November 7, 2009

Federal dollars used to bankroll environmental lawsuits


Cynthia Lummis and Rob Bishop
Billings Gazette

It is a hallmark of our constitutional democracy that we go out of our way to ensure that everyday citizens are not trampled by a huge, faceless government. Sometimes we fail in that endeavor, but often we succeed. Americans have been afforded, by law, the ability to address legitimate grievances with the federal government. In fact, we go so far as to reimburse citizens for their legal expenses should they sue the federal government and prevail. Congress recognized that citizens should not have to risk their financial future to seek judicial redress from unreasonable government actions. This is why Congress enacted the Equal Access to Justice Act.

The EAJA was established by Congress to ensure that individuals, small businesses or public-interest groups with limited financial resources could seek judicial redress from unreasonable government actions. Through a permanent appropriation, and without congressional oversight, EAJA allows prevailing plaintiffs to recover attorney fees and other costs from the federal government itself. The term "prevailing" includes even matters settled out of court. Federal agencies sometimes settle lawsuits out of court to avoid the time and additional expense of going forward. Since the taxpayers are footing the bill for both sides, who cares?

Virtual litigation industry

According to research by a Wyoming-based law firm, over the last 15 years a small number of environmental organizations have filed at least 1,596 lawsuits against the federal government. Based on the information we've seen, it appears that many environmental groups have created a virtual litigation industry using this government-funded program to bankroll their lawsuits against the federal government.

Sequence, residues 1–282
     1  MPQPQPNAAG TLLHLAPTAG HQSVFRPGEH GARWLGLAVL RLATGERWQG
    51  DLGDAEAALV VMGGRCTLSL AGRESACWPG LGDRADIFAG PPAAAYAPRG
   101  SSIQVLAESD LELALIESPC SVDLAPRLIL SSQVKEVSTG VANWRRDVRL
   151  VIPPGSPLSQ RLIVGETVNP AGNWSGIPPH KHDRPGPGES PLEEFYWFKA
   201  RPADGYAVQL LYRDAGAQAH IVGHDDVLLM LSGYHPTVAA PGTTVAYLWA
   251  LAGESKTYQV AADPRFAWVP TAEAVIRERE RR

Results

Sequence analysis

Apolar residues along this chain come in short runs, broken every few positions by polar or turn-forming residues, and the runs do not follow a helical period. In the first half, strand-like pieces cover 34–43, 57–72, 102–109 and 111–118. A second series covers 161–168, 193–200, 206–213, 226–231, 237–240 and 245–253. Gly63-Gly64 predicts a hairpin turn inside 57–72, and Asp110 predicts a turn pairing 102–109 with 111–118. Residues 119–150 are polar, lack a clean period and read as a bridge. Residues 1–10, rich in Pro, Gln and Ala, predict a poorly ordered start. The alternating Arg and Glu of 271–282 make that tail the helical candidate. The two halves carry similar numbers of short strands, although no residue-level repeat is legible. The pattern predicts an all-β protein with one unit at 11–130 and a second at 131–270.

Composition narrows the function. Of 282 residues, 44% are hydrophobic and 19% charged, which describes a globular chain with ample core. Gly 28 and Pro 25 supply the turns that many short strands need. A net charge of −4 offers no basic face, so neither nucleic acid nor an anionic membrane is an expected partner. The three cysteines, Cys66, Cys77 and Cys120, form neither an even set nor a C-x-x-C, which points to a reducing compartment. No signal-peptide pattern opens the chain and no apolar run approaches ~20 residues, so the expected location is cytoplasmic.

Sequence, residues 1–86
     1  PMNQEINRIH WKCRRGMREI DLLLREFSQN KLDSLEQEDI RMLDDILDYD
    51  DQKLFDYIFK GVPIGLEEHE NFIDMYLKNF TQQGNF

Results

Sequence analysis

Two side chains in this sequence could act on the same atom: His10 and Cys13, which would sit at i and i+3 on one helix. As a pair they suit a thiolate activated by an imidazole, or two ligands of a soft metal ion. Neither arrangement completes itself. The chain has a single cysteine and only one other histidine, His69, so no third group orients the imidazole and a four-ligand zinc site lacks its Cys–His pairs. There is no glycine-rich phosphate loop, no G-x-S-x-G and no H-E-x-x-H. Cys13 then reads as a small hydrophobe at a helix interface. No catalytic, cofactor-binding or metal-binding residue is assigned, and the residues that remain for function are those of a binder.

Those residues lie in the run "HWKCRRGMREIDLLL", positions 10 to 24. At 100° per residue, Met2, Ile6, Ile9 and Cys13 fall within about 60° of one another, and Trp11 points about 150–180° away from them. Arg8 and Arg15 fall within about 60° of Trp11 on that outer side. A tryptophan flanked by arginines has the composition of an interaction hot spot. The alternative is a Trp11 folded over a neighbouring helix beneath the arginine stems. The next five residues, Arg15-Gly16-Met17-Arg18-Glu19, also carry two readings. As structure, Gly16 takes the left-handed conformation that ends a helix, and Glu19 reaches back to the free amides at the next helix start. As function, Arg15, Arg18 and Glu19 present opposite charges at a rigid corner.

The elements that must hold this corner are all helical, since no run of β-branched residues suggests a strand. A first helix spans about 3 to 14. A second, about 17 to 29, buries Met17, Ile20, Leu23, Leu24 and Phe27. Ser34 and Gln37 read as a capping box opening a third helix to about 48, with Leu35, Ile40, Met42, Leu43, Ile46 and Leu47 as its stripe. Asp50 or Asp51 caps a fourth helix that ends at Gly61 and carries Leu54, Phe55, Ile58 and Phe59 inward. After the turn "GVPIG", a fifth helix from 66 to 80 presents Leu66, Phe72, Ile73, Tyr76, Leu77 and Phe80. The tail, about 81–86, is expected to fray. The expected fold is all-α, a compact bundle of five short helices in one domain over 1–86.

Under the guise of "public interest," some environmental organizations are abusing the congressional intent of EAJA. Over the years, these groups have been able to force the federal government to pay out billions of dollars for attorney fees and costs. Lawsuits filed by these groups target the livelihood of hardworking Americans who are forced to pay for both sides of the ensuing legal dispute. Costly as it is, a rancher must intervene on the side of federal agencies to defend his or her way of life against the attack of the initial suit. That same rancher (and every other unsuspecting taxpayer) is then forced to support the environmentalist agenda and the litigation industry with tax dollars.

Co-opted by environmentalists

It appears increasingly likely that this act, intended to give all Americans the ability to seek redress from their government, has been co-opted as a vehicle for some environmental organizations and their teams of lawyers to target natural-resource agencies, public lands and public-land users. Most importantly, the families and small businesses who represent the heritage and traditions of the true pioneer spirit are clearly in the cross hairs.

Without improved oversight, the blank checkbook will continue to provide billions of hard-earned tax dollars to support environmental lawyers, and advance the narrow, public lands agenda of no use. The abuse of this system is cause for great concern. A bicameral group of members of Congress has called on Attorney General Eric H. Holder and the U.S. Department of Justice to conduct a thorough review of this matter and provide suggestions to address any concerns that are identified.

The hijacking of the equal-justice statute by some groups and the environmental litigation industry that supports their "stop everything" agenda is a clear abuse of the program. We aim to improve this program and take necessary steps to change a clearly broken system.

U.S. Reps. Rob Bishop, R-Utah, and Cynthia Lummis, R-Wyo., are chairman and vice chairwoman of the Congressional Western Caucus.